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Towering snowdrifts? No milk? Is it 2010 or 1899?

By John Kelly
Sunday, February 14, 2010; C03

The Washington Post recently reported that from the Civil War to 1941, official weather readings for Washington, D.C., were taken in Georgetown, but the article does not specify where. Can you enlighten me as to the exact location of the Georgetown weather station and which agency or government department was in charge of it?

-- Joseph N. Grano, Washington

The Weather Bureau was established in 1890 by order of President Benjamin Harrison and was located administratively within the Department of Agriculture. (It moved to Commerce in 1940.) What was known as the City Office Weather Station was at 24th and M streets NW, which, if you want to be a stickler, is more Foggy Bottom than Georgetown. It was from inside a handsome, crenellated building that the "weather prophets," as 19th-century newspapers liked to call them, made their predictions.

Then, as now, they were occasionally false prophets. They missed a storm that from Feb. 5-7, 1899, dropped almost 13 inches on Washington. It was the most snow since 1895, and it was part of what was the snowiest winter in the city's history -- until this year.

Answer Man finds the parallels between the two winters striking. The storm that started Feb. 5, 1899, although it caused its share of bruised bottoms and broken ankles, was seen as delightful. Children sledded. The streetcars continued to run. But then Feb. 13 rolled around, and things weren't quite so fun. Here is the first paragraph from The Post's lead story Feb. 14:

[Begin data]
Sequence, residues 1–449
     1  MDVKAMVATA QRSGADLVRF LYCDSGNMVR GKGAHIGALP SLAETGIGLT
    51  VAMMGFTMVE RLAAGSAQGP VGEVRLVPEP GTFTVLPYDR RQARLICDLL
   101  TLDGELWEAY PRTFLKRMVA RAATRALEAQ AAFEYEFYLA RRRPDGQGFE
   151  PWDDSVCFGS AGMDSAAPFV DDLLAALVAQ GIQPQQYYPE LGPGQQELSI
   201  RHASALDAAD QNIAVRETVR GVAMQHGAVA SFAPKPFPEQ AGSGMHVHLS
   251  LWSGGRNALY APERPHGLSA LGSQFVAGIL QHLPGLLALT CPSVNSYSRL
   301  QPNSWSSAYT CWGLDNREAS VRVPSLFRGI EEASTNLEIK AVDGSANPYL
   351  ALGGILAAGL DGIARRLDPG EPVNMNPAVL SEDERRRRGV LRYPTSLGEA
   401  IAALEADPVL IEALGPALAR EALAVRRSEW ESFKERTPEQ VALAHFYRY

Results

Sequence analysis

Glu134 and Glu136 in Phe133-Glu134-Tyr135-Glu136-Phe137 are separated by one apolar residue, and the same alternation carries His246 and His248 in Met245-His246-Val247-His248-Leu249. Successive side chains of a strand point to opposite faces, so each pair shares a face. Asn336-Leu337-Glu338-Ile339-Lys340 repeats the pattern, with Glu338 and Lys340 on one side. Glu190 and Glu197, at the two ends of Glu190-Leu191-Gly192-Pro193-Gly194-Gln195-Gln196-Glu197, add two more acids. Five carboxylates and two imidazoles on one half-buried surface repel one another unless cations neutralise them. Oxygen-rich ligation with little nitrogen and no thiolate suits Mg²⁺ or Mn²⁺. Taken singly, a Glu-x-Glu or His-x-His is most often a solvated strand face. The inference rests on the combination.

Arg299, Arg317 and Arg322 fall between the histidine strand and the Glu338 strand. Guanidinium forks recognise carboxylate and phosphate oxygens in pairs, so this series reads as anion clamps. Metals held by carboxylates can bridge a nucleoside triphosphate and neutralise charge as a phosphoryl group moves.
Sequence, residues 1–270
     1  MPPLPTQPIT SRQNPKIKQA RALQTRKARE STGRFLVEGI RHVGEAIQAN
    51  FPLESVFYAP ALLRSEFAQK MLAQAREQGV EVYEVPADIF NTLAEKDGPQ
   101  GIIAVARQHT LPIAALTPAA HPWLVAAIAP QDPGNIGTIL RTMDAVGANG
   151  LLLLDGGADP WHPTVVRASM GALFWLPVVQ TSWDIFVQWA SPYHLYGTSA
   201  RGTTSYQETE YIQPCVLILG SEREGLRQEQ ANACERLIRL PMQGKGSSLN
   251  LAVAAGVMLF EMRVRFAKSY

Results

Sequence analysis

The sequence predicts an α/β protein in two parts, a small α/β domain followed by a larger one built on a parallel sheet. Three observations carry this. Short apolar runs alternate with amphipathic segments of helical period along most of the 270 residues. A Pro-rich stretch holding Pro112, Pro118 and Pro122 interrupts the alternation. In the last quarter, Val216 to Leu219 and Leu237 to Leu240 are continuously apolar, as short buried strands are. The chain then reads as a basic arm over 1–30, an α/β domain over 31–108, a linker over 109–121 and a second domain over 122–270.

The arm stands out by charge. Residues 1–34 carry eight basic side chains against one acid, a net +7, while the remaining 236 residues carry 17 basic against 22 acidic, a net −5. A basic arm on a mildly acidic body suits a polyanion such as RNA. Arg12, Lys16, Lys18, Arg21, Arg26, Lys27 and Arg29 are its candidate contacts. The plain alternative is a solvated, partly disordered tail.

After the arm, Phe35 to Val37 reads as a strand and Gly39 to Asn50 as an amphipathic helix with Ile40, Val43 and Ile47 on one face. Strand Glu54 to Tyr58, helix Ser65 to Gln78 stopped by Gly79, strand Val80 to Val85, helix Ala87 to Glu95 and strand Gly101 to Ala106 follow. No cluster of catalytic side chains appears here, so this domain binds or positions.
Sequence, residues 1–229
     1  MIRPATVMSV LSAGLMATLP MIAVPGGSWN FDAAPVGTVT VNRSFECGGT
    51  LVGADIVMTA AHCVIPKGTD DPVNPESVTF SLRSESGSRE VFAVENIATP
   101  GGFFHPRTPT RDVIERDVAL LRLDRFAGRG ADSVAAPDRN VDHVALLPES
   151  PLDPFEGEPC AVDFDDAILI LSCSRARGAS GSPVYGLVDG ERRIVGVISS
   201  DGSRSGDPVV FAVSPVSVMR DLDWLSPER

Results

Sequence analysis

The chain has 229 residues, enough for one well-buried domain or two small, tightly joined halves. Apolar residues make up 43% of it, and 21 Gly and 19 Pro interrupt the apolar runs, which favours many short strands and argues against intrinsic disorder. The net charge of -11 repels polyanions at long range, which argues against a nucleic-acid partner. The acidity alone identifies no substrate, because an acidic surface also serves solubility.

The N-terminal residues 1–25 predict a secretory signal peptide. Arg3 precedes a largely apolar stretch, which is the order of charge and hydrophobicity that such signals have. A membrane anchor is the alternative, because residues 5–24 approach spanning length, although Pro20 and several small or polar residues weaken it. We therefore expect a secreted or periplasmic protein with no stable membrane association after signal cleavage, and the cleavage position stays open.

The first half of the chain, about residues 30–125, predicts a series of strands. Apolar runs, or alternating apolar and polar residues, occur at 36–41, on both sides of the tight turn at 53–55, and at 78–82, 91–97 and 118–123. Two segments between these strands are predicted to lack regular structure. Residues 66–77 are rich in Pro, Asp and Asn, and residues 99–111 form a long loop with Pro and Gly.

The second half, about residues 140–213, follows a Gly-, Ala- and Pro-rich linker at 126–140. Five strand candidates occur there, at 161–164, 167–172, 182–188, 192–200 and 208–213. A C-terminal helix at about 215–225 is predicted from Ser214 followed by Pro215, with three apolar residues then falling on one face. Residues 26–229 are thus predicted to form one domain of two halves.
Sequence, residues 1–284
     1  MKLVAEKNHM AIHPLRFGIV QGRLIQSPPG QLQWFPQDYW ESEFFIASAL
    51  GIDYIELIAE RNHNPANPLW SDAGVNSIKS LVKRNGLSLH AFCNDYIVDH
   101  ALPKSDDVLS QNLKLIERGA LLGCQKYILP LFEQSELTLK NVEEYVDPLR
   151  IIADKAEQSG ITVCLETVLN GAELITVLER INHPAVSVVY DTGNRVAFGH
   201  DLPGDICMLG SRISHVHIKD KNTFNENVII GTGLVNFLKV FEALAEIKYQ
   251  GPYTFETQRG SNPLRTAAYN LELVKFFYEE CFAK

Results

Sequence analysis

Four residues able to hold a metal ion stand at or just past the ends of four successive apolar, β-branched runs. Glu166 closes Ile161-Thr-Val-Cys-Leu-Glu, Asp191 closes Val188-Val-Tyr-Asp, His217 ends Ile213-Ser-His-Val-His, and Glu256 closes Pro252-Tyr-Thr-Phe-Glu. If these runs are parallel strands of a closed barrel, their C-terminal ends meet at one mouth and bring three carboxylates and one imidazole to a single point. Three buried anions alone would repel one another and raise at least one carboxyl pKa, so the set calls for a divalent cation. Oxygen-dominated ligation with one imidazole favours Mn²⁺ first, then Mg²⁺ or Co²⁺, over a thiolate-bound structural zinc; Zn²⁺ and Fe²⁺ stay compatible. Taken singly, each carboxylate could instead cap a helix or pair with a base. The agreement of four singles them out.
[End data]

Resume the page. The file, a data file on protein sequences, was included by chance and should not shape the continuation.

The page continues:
"From Greenland's icy mountains, from the shores of Labrador, and the plains of the Dakotas the snow king swept down upon Washington yesterday. He was accompanied by his brother, the frigid storm king, and the two held a wonderful carnival in the Capital City. They toyed with the elements and played with petty humanity, roaring and laughing and shaking their grizzly locks until the masses of snowflakes flew through the air and fell as they had never fallen before."

Streetcars which had operated during the previous storm ground to a halt when snow filled the conduits that ran in the streets and disrupted the electric current. Police fanned out to rescue pedestrians from drifts up to 10 feet high. A young woman named McDonald was pulled from a drift at Third and East Capitol. According to The Post: "Only the feathers of the woman's hat could be seen sticking out of the snow."

The city's department stores -- then clustered along F Street NW -- locked their doors. At the telephone exchange, The Post reported, "many of the girls remained overnight." Only five of the 17 clerks in the Recorder of Deeds office made it to work, and only one judge got to the city's criminal court: Justice Cole.

Most of the city's theaters closed, although at the National, Julia Arthur went on in "A Lady of Quality." She told The Post: "It would be a breach of the commonest courtesy to disappoint those purchasers of tickets who flattered me by braving the storm just for the sake of an evening's entertainment."

With the city cut off, residents worried about food. The paper noted brisk demand for all provisions, "with the exception of ice cream." There was plenty of bread, but eggs were scarce and milk nonexistent. "But a few gallons of the lacteal fluid reached town yesterday," wrote The Post, "and there will be absolutely none to-day."

The Feb. 13-14 blizzard dropped 20 inches of snow on Washington, and once it ended, attention turned to cleanup. Congress hurriedly appropriated $20,000 to clear the streets and sidewalks. Word went out that 2,000 laborers were needed to shovel. "No man in Washington able to work need be without work during the next few days," wrote The Post. All they needed to do was report to Daggett & Dugan, the street-sweeping contractors, at 12th and V streets NW.

As it turned out, only 700 men showed up. The streetcar companies were offering up to 50 cents an hour to clear their tracks, a lot more than the $1.25 a day the District was paying.

Eventually the snow melted, as snow always does. By the time the winter of 1899 ended, 54.4 inches of snow had fallen on Washington, a record that would stand for 111 years.

They don't call him Answer Man for nothing. Write answerman@washpost.com.

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